Mayor Kogon states that “With the recent setting of the 2022-23 tax rates and the passing of our operations and capital budgets, the town council is ensuring Amherst continues to move forward in a positive, progressive, forward-thinking manner.”
Pointing to the tax rate – set at $1.67 per $100 of assessment for residential and resource properties and $4.47 per $100 of assessment for commercial properties – the mayor said the council was pleased that during an inflationary period it could keep the tax rates at last year’s level, while maintaining the current level of excellent services it provides to its citizens and continuing to improve the town’s infrastructure.
As an example of improving the town’s infrastructure for the future, the mayor pointed to a project on Victoria Street West that will replace aging water, sanitary sewer and storm sewer lines and rebuild the part of the street that lies between the CNR tracks and Hickman Street.
“We have placed slightly more than $2.3 million in our budgets to carry out this work, which, with the assistance of a federal government ICIP Infrastructure Grant that we have applied for, will see the planning for this project take place this year and the work being carried out in 2023,” Kogon said.
In addition, the town has set aside $225,000 to replace the storm and sanitary sewers and install new curbing on Beacon Street, between Croft and Church streets, and another $210,000 to replace the storm sewer while installing new curbing and the paving of Boylston Avenue between Milford Street and Elmwood Drive. This work is expected to be carried out this construction season.
“These investments show the town is ensuring that our town’s important infrastructure can serve us well now and many years into the future,” the mayor said. Another example of how the town is investing in its future is the work being carried out to update the town’s land-use bylaw and municipal planning strategy. The project – Plan Amherst – has already completed its first phase, which included an intensive effort to consult with the public.
A summary of information provided by citizens will be released later this month, while the draft planning documents will be available for public feedback in early 2023. “Upgrading our land-use bylaw and municipal planning strategy is important because it gives us a chance to look at where we are now and where we want to be in the future,” the mayor said. “The new documents will provide a guideline for us as a community as we move forward.”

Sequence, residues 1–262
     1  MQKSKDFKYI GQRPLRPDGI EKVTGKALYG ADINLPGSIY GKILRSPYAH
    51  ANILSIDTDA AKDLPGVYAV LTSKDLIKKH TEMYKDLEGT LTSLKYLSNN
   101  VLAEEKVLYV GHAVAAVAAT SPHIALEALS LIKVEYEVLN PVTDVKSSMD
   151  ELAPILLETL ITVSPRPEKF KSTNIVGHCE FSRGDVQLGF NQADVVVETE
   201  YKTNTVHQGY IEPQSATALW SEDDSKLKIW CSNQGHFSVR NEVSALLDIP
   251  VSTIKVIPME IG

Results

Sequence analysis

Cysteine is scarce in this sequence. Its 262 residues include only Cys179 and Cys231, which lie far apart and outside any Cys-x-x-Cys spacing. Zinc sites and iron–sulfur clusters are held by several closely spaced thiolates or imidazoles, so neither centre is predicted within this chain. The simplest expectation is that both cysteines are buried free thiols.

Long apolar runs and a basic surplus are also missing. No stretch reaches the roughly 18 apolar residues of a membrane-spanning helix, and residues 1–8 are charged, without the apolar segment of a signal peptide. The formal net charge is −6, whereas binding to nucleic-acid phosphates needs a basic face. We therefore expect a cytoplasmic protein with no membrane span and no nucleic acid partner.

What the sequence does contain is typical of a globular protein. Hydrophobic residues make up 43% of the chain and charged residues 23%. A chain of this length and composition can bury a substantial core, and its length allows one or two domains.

Kogon said the town’s collaboration with the Municipality of the County of Cumberland in a community centre needs and feasibility study is another positive step taken by the two municipalities as they look to the future. “Given the age of the Amherst Stadium, council feels this community centre project could be a game changer, both for the quality of life of our residents and economic development efforts for the greater area,” the mayor said. “Having top-notch facilities like this is now considered basic infrastructure for growing, prosperous communities such as ours.”
He noted community consultation will be a major part of the $83,000 study that is being carried out by Sierra Planning and Management of Toronto. The cost is being split between the two municipal units, with the town picking up 80 per cent of the tab. Improving the quality of life in the town is another major priority of the town council, Kogon said. It is why the council recently established an Inclusion, Diversity and Equity Committee and an Accessibility Advisory Committee. (You can read more about this new advisory committee on page 15 of this newspaper).
Another effort to improve the quality of life is the town’s participating in the newly formed Intermunicipal Poverty Reduction Advisory Committee. “The purpose of this committee is to advise all municipalities in Cumberland County on matters regarding poverty reduction through the application of social equity lenses within rural communities,” Kogon said. “Its goals are to increase wellness and quality of life for all constituents by focusing on what is needed to prevent people from experiencing poverty and supporting those who are financially marginalized by focusing on inclusion, empowerment, capacity building and cross-sectoral collaboration.”
The town is also committed to becoming a greener community as evident through the purchase of an electric-power Zamboni, which has improved the air quality within the stadium. This year, the town is investing slightly more than $390,000 on two Solar for Community Buildings projects that will see solar arrays installed near the wastewater treatment facility in Fort Lawrence and the reservoir property off Willow Street. Council is also looking forward to hosting several community events, including the upcoming Canada Day Festivities once again.
“After two years of COVID, we look forward to bringing our community back together again with these events,” Kogon said. “We are committed to ensuring that Amherst truly is a great place for everyone to live, work and play.”